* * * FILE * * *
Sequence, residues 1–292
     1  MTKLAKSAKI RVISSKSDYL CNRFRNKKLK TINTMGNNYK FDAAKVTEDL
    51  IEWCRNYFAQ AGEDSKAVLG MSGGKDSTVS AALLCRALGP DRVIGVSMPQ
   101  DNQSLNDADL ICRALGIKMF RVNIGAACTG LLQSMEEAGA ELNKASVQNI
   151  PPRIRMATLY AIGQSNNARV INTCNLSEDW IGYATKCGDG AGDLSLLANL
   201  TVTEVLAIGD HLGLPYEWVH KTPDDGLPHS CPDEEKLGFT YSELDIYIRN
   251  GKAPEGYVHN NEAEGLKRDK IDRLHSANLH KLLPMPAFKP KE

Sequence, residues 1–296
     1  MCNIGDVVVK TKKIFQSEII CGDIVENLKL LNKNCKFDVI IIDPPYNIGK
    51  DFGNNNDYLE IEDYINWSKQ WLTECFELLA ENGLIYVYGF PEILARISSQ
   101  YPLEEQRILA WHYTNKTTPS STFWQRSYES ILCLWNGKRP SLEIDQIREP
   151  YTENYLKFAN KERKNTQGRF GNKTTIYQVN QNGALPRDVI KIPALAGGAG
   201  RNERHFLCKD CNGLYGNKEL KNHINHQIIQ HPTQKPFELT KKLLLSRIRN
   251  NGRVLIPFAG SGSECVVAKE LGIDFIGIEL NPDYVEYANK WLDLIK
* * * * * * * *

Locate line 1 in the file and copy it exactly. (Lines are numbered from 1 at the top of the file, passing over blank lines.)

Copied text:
Sequence, residues 1–292